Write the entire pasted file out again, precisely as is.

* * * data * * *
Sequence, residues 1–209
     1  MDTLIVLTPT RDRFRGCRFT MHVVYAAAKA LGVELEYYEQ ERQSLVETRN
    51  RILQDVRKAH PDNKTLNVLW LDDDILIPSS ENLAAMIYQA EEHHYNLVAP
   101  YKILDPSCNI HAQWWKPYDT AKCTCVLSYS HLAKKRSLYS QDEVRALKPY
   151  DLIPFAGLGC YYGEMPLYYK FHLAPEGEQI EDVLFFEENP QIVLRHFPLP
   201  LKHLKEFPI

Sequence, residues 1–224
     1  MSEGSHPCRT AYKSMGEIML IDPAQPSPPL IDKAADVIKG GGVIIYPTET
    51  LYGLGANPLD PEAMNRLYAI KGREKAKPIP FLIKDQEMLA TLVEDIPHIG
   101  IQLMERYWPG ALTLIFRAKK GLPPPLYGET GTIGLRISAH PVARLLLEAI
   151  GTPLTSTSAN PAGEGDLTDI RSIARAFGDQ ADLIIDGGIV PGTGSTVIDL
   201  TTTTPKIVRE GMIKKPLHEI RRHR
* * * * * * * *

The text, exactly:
Sequence, residues 1–209
     1  MDTLIVLTPT RDRFRGCRFT MHVVYAAAKA LGVELEYYEQ ERQSLVETRN
    51  RILQDVRKAH PDNKTLNVLW LDDDILIPSS ENLAAMIYQA EEHHYNLVAP
   101  YKILDPSCNI HAQWWKPYDT AKCTCVLSYS HLAKKRSLYS QDEVRALKPY
   151  DLIPFAGLGC YYGEMPLYYK FHLAPEGEQI EDVLFFEENP QIVLRHFPLP
   201  LKHLKEFPI

Sequence, residues 1–224
     1  MSEGSHPCRT AYKSMGEIML IDPAQPSPPL IDKAADVIKG GGVIIYPTET
    51  LYGLGANPLD PEAMNRLYAI KGREKAKPIP FLIKDQEMLA TLVEDIPHIG
   101  IQLMERYWPG ALTLIFRAKK GLPPPLYGET GTIGLRISAH PVARLLLEAI
   151  GTPLTSTSAN PAGEGDLTDI RSIARAFGDQ ADLIIDGGIV PGTGSTVIDL
   201  TTTTPKIVRE GMIKKPLHEI RRHR